2 minute read
19 Sep 2013
4:53 pm

Turnout is no reflection on 2014 election

The 2014 general election will not have a low voter turnout like Wednesday's municipal by-elections, the Independent Electoral Commission (IEC) said.

“No, definitely not. By-elections at local level is different to the general election turnout,” said IEC spokeswoman Kate Bapela said on Thursday. “The by-election has never been a reflection on the general election…In some by-elections the turnout is even less than 20 percent.”

She said it would be in the IEC’s interests and those of political parties to intensify campaigning in coming months. Ballots were cast by 19,274 of the 56,804 people registered to vote in 11 municipal by-elections around the country on Wednesday a percentage poll of 36.59 on average.

Bapela said there could be a number of reasons for this. “The reasons could be numerous, people being at work… but one cannot pinpoint.” The IEC said 194 voters spoilt their ballots.

This was probably because they did not put their mark on the right category box, or wrote other things on the ballot, said Bapela. There were no reported incidents during the by-election and the IEC was satisfied that it was carried out freely and fairly.

“From the reports we are getting, we have had no complaints about fairness,” she said. “We are satisfied with the way the by-elections were carried out yesterday.”

The African National Congress extended its gratitude to those who voted on Wednesday, and to the candidates who won.

“These by-elections, like many that have come before them, are a testament to the unshaken confidence our people continue to have in the ANC to create a better life for all,” spokesman Jackson Mthembu said in a statement.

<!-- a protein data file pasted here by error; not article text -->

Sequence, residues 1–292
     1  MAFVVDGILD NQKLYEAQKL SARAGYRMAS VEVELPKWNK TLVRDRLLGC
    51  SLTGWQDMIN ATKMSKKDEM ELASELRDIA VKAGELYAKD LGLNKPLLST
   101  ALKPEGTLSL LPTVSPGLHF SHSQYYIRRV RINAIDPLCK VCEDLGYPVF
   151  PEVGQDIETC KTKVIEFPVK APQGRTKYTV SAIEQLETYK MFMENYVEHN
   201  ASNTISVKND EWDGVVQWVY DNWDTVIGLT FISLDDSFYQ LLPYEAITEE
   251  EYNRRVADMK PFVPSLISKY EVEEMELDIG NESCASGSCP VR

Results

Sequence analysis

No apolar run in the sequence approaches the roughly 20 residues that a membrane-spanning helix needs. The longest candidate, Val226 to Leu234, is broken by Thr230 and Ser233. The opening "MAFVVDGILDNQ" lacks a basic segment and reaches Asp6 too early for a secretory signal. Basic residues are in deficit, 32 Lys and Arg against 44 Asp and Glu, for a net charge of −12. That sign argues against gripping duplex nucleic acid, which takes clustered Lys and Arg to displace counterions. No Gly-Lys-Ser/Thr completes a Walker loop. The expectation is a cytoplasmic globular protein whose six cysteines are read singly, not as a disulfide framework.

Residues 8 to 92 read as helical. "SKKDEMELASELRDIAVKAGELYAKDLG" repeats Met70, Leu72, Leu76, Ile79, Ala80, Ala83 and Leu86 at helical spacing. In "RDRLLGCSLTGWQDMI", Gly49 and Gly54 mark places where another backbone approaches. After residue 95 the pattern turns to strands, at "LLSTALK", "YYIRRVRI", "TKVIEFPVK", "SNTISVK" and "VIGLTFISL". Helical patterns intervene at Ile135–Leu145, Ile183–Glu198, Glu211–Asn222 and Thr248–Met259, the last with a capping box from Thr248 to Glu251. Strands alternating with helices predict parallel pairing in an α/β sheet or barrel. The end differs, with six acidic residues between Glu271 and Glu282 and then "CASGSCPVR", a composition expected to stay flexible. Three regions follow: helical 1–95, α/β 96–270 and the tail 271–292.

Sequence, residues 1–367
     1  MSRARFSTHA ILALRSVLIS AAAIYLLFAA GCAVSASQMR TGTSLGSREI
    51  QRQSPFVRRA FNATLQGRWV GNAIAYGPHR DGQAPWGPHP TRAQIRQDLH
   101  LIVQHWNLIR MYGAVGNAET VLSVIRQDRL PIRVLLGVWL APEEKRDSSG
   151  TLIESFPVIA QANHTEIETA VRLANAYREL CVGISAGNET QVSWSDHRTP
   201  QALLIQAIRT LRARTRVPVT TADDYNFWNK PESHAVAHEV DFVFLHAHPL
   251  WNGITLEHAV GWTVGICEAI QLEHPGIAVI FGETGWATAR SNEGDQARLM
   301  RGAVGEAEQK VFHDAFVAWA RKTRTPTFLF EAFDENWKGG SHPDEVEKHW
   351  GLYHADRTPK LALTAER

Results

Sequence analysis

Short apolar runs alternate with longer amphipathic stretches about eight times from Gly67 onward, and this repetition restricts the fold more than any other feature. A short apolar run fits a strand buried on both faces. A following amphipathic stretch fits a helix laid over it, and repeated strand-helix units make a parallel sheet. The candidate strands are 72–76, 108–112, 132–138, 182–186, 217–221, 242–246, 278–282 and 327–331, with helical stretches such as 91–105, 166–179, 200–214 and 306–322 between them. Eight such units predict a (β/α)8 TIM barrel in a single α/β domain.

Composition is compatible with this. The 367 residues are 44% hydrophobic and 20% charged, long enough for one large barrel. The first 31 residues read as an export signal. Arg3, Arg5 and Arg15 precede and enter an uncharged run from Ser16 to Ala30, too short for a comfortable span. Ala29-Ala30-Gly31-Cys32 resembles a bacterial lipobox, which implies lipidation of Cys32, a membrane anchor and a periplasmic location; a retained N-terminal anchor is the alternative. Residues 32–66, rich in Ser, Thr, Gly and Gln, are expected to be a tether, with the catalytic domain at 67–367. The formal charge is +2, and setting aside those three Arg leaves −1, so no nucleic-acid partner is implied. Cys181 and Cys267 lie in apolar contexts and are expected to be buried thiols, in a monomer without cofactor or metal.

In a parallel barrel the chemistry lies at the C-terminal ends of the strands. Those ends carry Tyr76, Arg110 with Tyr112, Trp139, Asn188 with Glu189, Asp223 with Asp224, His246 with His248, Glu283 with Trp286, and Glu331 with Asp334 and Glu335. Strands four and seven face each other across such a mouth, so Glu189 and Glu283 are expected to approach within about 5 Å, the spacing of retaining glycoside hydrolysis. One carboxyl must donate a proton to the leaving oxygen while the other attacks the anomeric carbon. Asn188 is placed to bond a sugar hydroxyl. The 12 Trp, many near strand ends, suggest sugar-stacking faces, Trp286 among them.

“As our country prepares to mark… 20 years of democracy, the ANC shall take full advantage of this renewed and decisive mandate from our people to build on the significant strides made since the advent of democracy.”

Mthembu said the “unwavering support” the ANC enjoyed from the majority of the population consistently inspired it to work harder.

The ANC won seven of the 11 by-elections around the country. However, it lost ground in five of them, and one ward in the Tlokwe area, which was previously held by the ANC, was snatched by an independent candidate.

The DA retained three wards Heidelberg, eThekwini, and Mossel Bay but lost support in one of them. DA spokesman Mmusi Maimane said the results showed it was winning new support from South Africans who had previously voted for other parties.

“The DA… grew our support in Drakenstein, Merafong and Tlokwe. The results in Merafong and Tlokwe are particularly noteworthy,” he said in a statement.

“In Merafong, the DA received 24.37 percent of the vote, up from 10.63 percent in 2011. This growth is good news for the DA’s campaign…” Maimane said the results “bode well” for the DA in the upcoming general election.

“We will continue to work hard to win new votes by offering a real alternative for the citizens of South Africa.”